Iqaluit company awarded $46M contract for new hangar

Transport Canada announces Pilitak Enterprises Ltd. as the winning bidder

A new National Aerial Surveillance Program airplane hangar will be built in Iqaluit after Transport Canada awarded the contract to local firm Pilitak Enterprises Ltd. (File photo)

By Nunatsiaq News

Transport Canada has awarded an Iqaluit-based company a contract worth nearly $46 million to build a new National Aerial Surveillance Program aircraft hangar at Iqaluit’s airport.

It announced Tuesday that construction company Pilitak Enterprises Ltd. is the winning bidder.

The project will enable local training and job opportunities during the project’s construction over the next 18 months, the announcement said.

The National Aerial Surveillance Program was created in 1991. It uses a small fleet of planes to detect Canadian marine habitat pollution such as oil spills and also tracks whale migrations in order to help protect them from marine traffic.

The program also plays a secondary role in police investigations, search and rescue missions and national security.

Recently, one of the program’s planes was involved in a search and rescue operation in Iqaluit’s Frobisher Bay after more than 20 sea cans spilled into the water during transport from a sealift.

In addition to the four bright-red Dash 8 and Dash 7 planes in its fleet, the program uses drones and satellites as a part of its environmental monitoring.

The National Aerial Surveillance Program is a branch of Canada’s Ocean Protections Plan.


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(15) Comments:

  1. Posted by tommy bruce on

    Instead of reinventing the wheel, or in this case HANGAR’s. Why don’t they retrofit the FOL base in Rankin Inlet. It is empty all the time.

    • Posted by Alan Klie on

      The FOL hangar and the barracks have to be ready on 24 hours’ notice so they can’t be used by anyone other then the DND.

      • Posted by shawn maley on

        Sadly the FOL Facility in Rankin is a long long way from being 24 hours ready. The fire supression system in the hangar designed for the f18s has been out of commision for years. The arrestors for the f18s on runway 31 were removed years ago and enquiries into utilization of the barracks over the years the response has alwyas been it would entail several weeks to get them open and ready for use. I agree with tommy bruce, would have made total sense to use that facility for a fraction of the cost,

    • Posted by Construction Gely on

      I’ve been trying to address this in the comment section but Nunatsiaq is moderating publicly available information.

      • Posted by Hunter on

        Same workers, same planes, same heavy equipment, same sub-contractors as the former Kudlik. This makes a lot of questions.

  2. Posted by Manapik on

    I’m guessing the yearly report will be, yes there is less ice this year as compared to last. Also how much carbon footprint each flight will have?

  3. Posted by Colin on

    Inuit ownership of a construction company without having Inuit engineers, architects and accountants running the operation is the worst kind of tokenism. Rocking chair money for the “owners’ as well as for outsiders who do or at least pretend to do the real work. You need to have real professionals coming out of university, then working for a successful company so as to learn how to run a real business, and only then build one from the ground up, with actual savings put up as the initial equity capital. Hey, you can even get to be governor general without any qualifications for the job. If you’re Inuit. How many Inuit do real work at Rideau Hall?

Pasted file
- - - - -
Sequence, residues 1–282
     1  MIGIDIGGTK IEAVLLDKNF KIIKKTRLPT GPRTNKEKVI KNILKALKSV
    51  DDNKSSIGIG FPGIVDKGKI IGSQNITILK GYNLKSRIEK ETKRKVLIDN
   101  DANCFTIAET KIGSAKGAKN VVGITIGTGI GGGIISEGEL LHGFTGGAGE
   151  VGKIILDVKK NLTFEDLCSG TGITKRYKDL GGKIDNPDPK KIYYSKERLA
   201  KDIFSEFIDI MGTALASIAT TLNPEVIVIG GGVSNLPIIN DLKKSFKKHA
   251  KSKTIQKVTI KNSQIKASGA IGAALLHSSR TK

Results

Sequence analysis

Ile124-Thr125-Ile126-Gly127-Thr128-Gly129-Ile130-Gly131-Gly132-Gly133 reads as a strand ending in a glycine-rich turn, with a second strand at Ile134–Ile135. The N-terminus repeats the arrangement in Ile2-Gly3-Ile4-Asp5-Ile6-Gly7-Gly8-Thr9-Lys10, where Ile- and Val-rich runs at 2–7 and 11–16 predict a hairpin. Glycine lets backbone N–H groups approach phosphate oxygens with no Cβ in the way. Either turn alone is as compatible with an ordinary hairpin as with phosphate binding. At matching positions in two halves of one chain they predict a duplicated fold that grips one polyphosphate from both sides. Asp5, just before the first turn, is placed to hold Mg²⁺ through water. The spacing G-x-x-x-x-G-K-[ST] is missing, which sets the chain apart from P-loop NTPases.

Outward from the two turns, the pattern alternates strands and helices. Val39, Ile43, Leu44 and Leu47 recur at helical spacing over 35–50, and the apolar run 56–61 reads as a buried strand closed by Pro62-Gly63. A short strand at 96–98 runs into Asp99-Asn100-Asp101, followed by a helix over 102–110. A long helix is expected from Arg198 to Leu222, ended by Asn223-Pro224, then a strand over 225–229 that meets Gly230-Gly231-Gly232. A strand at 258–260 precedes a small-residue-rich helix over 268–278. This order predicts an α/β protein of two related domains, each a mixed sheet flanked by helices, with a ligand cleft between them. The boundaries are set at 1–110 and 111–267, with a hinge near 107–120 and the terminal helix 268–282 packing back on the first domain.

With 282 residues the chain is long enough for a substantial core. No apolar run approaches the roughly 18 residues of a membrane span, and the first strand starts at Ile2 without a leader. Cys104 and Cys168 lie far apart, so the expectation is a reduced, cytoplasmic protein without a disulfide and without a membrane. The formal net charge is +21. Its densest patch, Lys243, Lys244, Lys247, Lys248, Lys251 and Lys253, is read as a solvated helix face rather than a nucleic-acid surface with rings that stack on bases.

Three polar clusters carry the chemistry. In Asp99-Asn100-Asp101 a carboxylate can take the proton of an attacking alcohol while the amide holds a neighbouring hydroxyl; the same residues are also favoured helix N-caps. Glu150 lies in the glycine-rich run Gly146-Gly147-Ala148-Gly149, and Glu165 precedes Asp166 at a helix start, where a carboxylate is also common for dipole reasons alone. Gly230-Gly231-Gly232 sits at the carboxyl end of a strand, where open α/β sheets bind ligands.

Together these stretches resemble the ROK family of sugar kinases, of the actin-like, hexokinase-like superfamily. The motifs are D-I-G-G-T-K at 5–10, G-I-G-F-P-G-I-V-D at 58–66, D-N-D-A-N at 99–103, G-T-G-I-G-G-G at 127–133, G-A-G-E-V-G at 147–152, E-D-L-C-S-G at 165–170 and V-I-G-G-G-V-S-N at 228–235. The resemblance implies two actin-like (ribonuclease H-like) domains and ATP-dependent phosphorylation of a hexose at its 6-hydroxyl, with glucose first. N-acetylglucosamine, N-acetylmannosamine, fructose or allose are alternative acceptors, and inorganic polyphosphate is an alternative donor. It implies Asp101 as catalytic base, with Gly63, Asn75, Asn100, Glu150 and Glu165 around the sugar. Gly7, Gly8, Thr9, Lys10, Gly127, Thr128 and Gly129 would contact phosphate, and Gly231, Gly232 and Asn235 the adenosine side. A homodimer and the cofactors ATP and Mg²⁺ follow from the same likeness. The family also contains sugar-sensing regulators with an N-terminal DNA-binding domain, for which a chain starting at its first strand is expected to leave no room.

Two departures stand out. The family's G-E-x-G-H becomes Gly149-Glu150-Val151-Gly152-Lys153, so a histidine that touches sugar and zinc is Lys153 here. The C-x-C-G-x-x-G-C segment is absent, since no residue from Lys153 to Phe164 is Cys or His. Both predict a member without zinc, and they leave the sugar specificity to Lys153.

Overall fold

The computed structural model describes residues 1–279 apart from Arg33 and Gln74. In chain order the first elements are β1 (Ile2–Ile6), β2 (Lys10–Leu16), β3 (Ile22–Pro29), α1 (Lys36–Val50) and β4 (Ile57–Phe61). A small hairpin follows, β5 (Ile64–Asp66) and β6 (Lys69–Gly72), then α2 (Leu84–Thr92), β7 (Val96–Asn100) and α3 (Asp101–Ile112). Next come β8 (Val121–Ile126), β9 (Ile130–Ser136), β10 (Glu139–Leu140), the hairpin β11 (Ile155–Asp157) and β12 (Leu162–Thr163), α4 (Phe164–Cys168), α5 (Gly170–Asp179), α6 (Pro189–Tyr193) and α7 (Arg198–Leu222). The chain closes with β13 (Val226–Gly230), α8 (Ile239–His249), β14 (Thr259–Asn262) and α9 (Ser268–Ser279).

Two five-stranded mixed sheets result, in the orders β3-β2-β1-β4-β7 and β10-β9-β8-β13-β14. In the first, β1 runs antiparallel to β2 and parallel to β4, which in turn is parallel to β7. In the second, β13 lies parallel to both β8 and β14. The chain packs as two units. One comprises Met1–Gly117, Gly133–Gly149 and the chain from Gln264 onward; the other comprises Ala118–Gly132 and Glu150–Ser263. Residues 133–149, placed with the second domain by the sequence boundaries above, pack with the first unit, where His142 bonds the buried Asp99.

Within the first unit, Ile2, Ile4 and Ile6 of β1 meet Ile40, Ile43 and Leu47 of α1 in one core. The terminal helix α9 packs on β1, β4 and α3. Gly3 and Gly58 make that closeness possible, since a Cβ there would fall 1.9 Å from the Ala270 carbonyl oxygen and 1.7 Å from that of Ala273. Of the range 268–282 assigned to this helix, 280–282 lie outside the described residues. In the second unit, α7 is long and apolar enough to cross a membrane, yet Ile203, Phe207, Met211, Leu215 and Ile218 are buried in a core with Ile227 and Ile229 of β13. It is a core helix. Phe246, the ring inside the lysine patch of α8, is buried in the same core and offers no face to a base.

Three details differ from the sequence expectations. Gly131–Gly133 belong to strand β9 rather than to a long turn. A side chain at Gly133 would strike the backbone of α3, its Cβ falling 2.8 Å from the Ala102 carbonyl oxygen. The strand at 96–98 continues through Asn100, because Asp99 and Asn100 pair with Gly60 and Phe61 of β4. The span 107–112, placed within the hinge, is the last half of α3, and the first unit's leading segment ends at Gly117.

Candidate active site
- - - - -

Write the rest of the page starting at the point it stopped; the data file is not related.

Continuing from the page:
• Posted by Inuk from Nunavik on

      In Nunavik , we call these “POTATO COMPANY ” brown on the outside, white on the inside.

    • Posted by inookchrist on

      Let US inuits Rule The World, More Freebe, Free Rent Free Everything, Food & Furniture Too, Kuyenamiq For Your White Generosity. Open more beer store More Drugs, More of my many Cousins Pusher/Dealer so we can all drop off school and complaint and “miss weeks of work” as Alchool Sick days and then wonder why we been replace by others not like us, and Scream out Loud Racist Slogan to all Nasty Qabloona and Purtikit, Right ? we gotta smart up and stop blaming other for our own Bad Bahavior and Violence. Stop Hating, clean up our Life.

  4. Posted by John WP Murphy on

    As long as you have an NNI policy, this will always be the case.

  5. Posted by Umingmak on

    While I do think that the Inuit Firm Registry is a bit of a joke (most of these companies have no Inuit ownership beyond a figurehead person who is in place simply to get the firm on to the registry as being “Inuit-Owned”), it’s not really possible to employ Inuit engineers, architects, etc without Inuit actually going to post-secondary to get the education and qualifications required to work in these fields.

    Make no mistake – if companies like Pilitak, NCC, etc could find Inuit to fill these roles, they would hire them in a heartbeat. There is a major benefit to these companies to employ Inuit. The NNI policy provides them with significant advantages in the tender process should they employ more Inuit.

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